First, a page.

The anthurium flower is one of the largest groups in the araceae genus. These exotic flowers are native to areas such as Uruguay, Argentina and Mexico; however, they bloom in many tropical areas, and have even become symbols of certain locations like Hawaii. Despite their decidedly romantic homelands, they have become very popular in homes around Europe and the United States, as they are not only beautiful in appearance, but they also last a long time when clipped and placed into vases – sometimes up to six whole weeks. The anthurium flower – which is lovingly referred to by avid growers as the flamingo flower – blooms from a slender stalk, and develops around a rough, fleshy spadix. What is often thought to be the actual flower head of anthuriums is actually a spathe, which tends to be thick and waxy. The spathe can generally be seen in varying shades of red; however, you may sometimes see them in white, yellow or green hues.
It is understandable why the anthurium flower has become something of a Hawaiian emblem. These flowers were brought from London to Hawaii by S.M. Damon in 1889. With a good deal of care and breeding, these blooms became one of the top decorative flower exports in the state, sending a massive 2.5 million dozen-bouquets around the world by 1980.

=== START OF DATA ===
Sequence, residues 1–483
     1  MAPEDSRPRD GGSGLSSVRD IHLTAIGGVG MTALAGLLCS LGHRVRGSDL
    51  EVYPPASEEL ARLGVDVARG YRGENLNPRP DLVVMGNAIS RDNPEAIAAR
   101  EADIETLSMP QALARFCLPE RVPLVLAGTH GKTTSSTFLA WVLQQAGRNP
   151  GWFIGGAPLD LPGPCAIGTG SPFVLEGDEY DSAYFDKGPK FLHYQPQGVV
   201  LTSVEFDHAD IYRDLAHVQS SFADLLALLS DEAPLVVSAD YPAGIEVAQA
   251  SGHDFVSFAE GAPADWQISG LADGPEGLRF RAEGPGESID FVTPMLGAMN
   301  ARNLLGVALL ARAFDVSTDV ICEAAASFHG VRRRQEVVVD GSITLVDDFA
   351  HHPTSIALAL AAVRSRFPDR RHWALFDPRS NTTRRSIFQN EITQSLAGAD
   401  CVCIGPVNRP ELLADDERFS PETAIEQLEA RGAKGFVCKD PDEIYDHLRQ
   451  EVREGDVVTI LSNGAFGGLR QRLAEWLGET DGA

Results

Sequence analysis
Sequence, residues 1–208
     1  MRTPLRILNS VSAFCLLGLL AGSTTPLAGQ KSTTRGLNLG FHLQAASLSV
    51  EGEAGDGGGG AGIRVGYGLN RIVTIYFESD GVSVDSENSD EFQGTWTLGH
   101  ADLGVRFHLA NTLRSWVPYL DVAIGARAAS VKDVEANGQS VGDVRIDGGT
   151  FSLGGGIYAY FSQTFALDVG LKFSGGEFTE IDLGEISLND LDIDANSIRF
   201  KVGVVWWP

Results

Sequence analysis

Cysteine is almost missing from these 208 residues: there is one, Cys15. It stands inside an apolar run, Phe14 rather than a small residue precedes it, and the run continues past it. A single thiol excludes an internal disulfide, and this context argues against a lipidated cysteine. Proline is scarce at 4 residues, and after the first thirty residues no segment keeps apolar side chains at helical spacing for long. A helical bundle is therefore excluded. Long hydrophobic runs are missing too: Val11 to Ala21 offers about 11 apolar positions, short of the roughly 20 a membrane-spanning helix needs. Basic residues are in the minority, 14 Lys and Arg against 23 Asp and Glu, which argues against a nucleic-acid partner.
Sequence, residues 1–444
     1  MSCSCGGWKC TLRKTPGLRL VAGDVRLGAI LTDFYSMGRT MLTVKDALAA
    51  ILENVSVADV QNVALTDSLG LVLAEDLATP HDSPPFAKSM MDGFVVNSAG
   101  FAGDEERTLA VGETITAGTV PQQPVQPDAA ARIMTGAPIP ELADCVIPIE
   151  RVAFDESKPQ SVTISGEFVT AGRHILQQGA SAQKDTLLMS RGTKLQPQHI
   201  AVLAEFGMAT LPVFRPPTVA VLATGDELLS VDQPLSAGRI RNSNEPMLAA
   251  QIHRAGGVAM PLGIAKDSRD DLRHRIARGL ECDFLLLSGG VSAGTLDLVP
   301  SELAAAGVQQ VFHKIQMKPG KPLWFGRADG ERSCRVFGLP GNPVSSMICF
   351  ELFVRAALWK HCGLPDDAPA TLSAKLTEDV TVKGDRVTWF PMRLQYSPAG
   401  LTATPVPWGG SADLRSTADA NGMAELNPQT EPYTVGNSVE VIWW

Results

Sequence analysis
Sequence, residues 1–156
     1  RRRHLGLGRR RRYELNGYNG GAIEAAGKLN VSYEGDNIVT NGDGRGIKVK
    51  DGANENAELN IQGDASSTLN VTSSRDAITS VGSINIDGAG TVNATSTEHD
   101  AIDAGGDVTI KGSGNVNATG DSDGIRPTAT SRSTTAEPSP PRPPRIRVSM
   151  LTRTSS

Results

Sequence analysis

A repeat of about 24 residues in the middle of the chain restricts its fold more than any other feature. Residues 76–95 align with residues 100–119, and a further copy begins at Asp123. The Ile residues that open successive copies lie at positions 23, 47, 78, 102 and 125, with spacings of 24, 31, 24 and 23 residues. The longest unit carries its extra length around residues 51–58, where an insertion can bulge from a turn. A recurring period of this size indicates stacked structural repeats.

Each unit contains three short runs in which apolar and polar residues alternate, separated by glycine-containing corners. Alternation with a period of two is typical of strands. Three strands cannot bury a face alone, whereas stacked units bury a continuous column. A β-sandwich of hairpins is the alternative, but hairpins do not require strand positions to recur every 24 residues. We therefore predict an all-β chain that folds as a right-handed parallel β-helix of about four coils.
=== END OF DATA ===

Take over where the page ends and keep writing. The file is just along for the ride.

In addition to its long-lasting nature, the anthurium flower generally does not require a special season to grow. Their frequent availability is one of the many reasons as to why they have become very popular as gifts. As a symbol, anthuriums are often given to represent a deep romantic attraction. This is due to their beautiful yet unusual appearance – the glossy red spathe, and the open, heart-shaped face. The openness of its blossom is also said to represent hospitality, and many people present these flowers as gifts to friends and relatives. Anthuriums can often be tricky to grow as indoor plants; however, for an experienced gardener, a mature anthurium can make a great and rewarding offering.